The Incans introduced new farming techniques, technology, crafts, and infrastructure to modern day Bolivia, while also encouraging the spread of the Quechua language and other aspects of the culture. The Aymara and Quechua got along fairly well so the Aymara often times maintained their native language, although they quickly adopted many Incan technologies and other aspects of their culture.

Incan rule lasted only a short period of time in Bolivia. The Spanish arrived in the early 1500s and, even though they didn't initially settle the lands, their stops along the coast left behind numerous European diseases that killed much of the local population. These diseases not only killed many of the people, but also killed many members of the Incan royal family, leading to instability in the empire.

The instability created by these diseases meant the Spanish explorers had a much easier task ahead of them in their takeover of the region. Francisco Pizarro quickly defeated the Incan rulers in 1532-1533. At this time the region of Bolivia was incorporated into the region of Peru.

As was common at the time, the region was fought over by the conquistadors as well as by Spain, who claimed control over much of South America. It wasn't until 1548 that Spain truly took power in modern day Bolivia and in that same year they established La Paz as their colonial capital.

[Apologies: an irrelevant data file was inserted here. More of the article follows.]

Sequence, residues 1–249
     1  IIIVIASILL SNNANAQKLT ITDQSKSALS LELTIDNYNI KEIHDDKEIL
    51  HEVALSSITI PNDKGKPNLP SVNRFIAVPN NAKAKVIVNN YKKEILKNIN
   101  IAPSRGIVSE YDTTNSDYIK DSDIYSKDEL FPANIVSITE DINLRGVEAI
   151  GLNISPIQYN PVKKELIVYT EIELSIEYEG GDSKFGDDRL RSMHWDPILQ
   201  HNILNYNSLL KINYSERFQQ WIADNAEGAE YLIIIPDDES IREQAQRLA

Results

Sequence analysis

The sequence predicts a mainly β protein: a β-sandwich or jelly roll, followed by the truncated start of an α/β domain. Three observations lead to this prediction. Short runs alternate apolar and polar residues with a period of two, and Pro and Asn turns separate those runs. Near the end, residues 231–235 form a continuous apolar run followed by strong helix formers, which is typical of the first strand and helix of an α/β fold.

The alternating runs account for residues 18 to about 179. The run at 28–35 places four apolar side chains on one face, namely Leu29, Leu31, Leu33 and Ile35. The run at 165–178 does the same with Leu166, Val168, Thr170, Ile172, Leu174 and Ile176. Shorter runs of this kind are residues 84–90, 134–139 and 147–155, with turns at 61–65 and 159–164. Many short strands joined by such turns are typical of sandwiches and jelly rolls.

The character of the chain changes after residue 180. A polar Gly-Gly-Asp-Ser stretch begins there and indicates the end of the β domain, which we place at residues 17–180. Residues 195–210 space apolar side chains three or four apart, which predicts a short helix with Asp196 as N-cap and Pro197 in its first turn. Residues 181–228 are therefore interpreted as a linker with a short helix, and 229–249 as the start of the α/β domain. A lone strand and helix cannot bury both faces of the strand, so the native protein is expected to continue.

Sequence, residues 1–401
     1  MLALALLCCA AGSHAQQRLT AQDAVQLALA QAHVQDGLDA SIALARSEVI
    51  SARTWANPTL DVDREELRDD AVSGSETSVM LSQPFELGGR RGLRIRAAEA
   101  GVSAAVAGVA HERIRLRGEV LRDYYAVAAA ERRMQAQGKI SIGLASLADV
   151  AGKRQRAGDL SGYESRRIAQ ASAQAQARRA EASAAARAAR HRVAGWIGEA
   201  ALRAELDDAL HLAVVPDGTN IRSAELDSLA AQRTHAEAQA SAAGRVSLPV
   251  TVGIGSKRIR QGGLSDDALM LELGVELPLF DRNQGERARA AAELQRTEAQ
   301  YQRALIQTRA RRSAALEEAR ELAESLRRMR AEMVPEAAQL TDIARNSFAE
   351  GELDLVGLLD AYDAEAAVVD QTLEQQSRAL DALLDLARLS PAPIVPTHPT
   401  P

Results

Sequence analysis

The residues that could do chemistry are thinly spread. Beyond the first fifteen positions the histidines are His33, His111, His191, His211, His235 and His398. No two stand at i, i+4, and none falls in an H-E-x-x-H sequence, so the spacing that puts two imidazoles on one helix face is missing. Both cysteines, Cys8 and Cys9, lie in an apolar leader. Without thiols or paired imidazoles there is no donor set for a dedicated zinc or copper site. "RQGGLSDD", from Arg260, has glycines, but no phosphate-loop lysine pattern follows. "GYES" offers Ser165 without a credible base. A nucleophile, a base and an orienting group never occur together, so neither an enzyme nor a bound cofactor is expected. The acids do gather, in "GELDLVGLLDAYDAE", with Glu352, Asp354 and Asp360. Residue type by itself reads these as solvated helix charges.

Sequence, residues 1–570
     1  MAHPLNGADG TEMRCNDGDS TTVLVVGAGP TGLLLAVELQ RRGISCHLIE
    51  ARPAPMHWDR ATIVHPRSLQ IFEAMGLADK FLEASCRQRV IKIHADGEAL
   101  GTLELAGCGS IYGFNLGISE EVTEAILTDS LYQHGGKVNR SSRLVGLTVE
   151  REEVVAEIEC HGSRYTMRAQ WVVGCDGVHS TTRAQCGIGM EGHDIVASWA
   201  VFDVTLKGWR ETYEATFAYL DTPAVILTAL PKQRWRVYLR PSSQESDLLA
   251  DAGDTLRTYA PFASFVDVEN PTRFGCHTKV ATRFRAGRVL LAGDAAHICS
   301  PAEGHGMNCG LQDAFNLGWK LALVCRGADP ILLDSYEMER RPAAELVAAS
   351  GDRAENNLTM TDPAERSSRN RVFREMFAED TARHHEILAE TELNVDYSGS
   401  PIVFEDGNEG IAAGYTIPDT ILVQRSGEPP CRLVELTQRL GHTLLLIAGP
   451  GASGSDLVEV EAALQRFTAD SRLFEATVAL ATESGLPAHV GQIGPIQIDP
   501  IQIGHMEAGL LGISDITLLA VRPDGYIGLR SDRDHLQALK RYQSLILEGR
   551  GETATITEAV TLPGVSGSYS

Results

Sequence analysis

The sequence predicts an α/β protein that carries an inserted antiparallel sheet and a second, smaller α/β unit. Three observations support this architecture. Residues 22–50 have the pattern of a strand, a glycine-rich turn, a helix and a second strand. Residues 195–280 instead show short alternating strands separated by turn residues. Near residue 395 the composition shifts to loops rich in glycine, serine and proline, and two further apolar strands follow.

Although Spain held control and power in Bolivia, their presence was limited in scope and the indigenous people fiercely fought this takeover. Many of the Quechua and Aymara hid in the mountains to maintain freedom, while many of the Chiriguano, who lived in the lowlands in the east, also maintained freedom and resisted Spanish control.

The region of Bolivia slowly grew under Spanish rule as their focus was on economic growth as opposed to takeover. The Spanish developed some colonies faster than others depending on the potential wealth each offered. Bolivia fell under the jurisdiction of Peru (and later that of Argentina), but held great potential itself, primarily due to the silver mines found in Sucre, Potosi, and the surrounding areas.

The Spanish made settlement of the region secondary as their focus remained on economic wealth, but the country also send Jesuit missionaries to the region in the 1500s to convert the people to Catholicism. These attempts were received very differently by the various groups in Bolivia. Many of the people readily converted, perhaps in order to gain economic and political power, which they gained with their conversion. Many of these converts also adopted the Spanish language and some even married Spanish settlers, creating a mestizo class.